If it were to happen, there would be no checks and balances – at least not in the traditional sense of checks and balances that operate across executive, legislative and judicial functions. If this were the case, and if the legal system was not acting as a check on federal power (see Branch 1 above), then we’d have a government of effectively unlimited power (subject only to random Supreme Court decisions that may temporarily limit power in certain areas and not others).
Branch 3: Political Parties or Why Smart People Write Propaganda
Our Constitution, which supposedly describes how our government works, doesn’t mention political parties at all. This is odd, since the defining feature of American politics is that there are two parties and only two parties.
When you first come to DC, this is the first thing you learn. Again, there are two parties and only two parties. You have to pick one. You can get by in the bureaucracy for a while without picking one (everyone will assume you’re a Democrat), but most “non-governmental” positions require you to pick sides right away (unofficially, of course). Law firms in DC are generally allied with a party. Reporters obviously are. Etc.
You can say you are a Democrat, or you can say Progressive, Liberal, Socialist, Centrist or a few other labels, but in DC, these all mean Democrat. Anything else means Republican. It’s almost always safe to substitute “Democrat” for “Independent” which is the generic third party term used by lobbyists, for example.
(This seems to be a lesson that libertarians stubbornly refuse to learn. They say they’re libertarian as if that means something different than Republican – which it certainly doesn’t to anyone that matters in DC. This lesson was a difficult for your humble blogger to learn when he moved to DC and considered himself a libertarian. Some of the mainstream libertarians that refer to themselves as “liberaltarians” or some such nonsense seem to have internalized this lesson without really learning it. What they want is to be considered Democrats in DC – like all the cool kids – while not being forced to identify as Democrats outside of DC. Is it possible to sell out but not sell out? Good luck with that. Anyway . . .)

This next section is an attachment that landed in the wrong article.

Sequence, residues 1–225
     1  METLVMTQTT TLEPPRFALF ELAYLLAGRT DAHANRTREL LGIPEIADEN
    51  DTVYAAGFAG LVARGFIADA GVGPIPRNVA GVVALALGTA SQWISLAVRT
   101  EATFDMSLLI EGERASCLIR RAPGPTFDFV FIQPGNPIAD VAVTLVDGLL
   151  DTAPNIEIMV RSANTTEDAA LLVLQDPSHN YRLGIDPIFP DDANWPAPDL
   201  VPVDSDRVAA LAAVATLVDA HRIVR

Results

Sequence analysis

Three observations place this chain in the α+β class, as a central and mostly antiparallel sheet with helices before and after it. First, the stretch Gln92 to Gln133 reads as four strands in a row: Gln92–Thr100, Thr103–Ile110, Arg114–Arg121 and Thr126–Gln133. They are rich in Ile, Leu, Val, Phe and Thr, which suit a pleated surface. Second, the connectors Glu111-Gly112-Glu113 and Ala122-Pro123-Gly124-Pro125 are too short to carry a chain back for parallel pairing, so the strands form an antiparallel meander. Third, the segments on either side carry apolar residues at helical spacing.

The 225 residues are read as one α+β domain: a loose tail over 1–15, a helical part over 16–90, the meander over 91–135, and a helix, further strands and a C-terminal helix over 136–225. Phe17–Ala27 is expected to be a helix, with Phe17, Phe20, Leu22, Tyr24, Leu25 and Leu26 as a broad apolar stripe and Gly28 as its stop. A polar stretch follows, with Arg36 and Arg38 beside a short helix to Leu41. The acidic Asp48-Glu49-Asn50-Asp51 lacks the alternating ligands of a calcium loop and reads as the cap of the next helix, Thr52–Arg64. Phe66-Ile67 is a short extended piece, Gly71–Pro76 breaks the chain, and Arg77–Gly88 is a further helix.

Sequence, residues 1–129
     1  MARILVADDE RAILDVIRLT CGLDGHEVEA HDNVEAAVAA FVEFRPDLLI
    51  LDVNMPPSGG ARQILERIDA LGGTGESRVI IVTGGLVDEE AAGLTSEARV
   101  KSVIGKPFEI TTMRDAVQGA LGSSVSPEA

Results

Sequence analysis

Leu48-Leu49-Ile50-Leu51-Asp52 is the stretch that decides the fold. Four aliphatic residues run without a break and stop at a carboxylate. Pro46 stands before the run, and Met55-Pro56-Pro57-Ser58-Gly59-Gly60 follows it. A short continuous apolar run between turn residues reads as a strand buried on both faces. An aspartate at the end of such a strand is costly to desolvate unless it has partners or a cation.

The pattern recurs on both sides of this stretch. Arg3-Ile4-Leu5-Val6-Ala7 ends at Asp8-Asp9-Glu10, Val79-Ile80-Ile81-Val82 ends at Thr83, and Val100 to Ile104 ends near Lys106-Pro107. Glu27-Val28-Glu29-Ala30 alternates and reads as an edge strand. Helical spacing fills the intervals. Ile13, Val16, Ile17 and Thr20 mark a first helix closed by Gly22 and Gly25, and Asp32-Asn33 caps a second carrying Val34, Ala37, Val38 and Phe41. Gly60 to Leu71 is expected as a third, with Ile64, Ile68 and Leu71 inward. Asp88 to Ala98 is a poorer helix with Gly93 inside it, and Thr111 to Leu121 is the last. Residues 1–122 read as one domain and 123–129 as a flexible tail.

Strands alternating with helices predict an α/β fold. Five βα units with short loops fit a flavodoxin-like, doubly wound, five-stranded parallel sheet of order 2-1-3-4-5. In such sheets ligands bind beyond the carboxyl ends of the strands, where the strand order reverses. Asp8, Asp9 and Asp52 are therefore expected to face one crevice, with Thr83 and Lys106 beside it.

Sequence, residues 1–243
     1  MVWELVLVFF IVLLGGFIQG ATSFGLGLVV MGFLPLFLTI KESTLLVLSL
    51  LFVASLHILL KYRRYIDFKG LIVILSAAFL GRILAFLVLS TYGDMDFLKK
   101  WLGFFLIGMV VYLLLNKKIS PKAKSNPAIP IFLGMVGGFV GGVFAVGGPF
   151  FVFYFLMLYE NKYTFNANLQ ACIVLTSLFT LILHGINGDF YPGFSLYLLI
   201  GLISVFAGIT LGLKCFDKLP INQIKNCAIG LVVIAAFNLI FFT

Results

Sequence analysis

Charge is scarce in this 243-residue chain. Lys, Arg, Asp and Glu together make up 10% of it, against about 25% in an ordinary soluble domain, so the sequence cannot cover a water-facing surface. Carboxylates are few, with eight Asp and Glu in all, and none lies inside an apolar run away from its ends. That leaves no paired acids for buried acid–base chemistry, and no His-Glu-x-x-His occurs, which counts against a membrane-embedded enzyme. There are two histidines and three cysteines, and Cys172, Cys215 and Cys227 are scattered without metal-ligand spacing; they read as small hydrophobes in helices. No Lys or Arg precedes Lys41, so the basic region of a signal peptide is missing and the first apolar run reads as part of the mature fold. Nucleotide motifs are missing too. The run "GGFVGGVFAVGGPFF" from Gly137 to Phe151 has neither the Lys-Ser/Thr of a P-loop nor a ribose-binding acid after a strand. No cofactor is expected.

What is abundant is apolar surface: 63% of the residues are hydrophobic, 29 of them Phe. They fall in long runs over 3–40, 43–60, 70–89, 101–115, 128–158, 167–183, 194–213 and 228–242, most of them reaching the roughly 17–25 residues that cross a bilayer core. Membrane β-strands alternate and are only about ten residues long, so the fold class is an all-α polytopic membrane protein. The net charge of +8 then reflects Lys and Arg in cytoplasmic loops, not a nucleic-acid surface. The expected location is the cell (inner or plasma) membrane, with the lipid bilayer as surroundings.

The theory of checks and balances requires, for example, that the legislature checks the power of the Executive, etc. In reality, members of the legislative branch are more loyal to their party than they are to their branch. The self-limiting theory of government only works if a Congressman is more concerned with the power of Congress than with the electoral success of his party. Which do you think he’s more concerned with?
It’s easy to see that people in DC who exercise power are rabid supporters of their party above all else. Every time a new party claims the Presidency, for example, members of his party change their mind about all sorts of things (e.g. executive power). This is an odd phenomenon that I still find off-putting and confusing.
Pundits write articles that are perpetually available on the internet. Depending on which party is in power, all their arguments change. Everyone pretends not to notice that pundits’ opinions change every four years. This sort of writing is – of course! – propaganda. The average pundit is then best understood as a propagandist for a political party.
Republicans duly supported the requirement while Democrats opposed it. Later things changed and everyone changed their minds.
I rather enjoy reading Democratic propagandists, like Matthew Yglesias, more than Republican ones. Frankly, the Democratic propagandists are much better at writing propaganda.
Anyway, if you’re considering a career in journalism, I bet you could rise to the top of your field quickly if you understand that you’re writing propaganda. You’d have to be careful, of course, to hide the fact that you’re writing propaganda, but be sure to write propaganda nonetheless.
These branches interact in ways that effectively guarantee that the Republican Party loses. The Cathedral is a monolithically Democratic institution. The permanent government is at least 95% Democratic.
Again, the effect of this can be seen in the healthcare law. Judge Roberts was more swayed by the Cathedral than by his Republican allegiance. He thereby upheld a law that was written by and gives tremendous power to the bureaucracy. Even if party loyalty had won out in this case, the permanent government isn’t going anywhere. They’d take over healthcare sooner or later.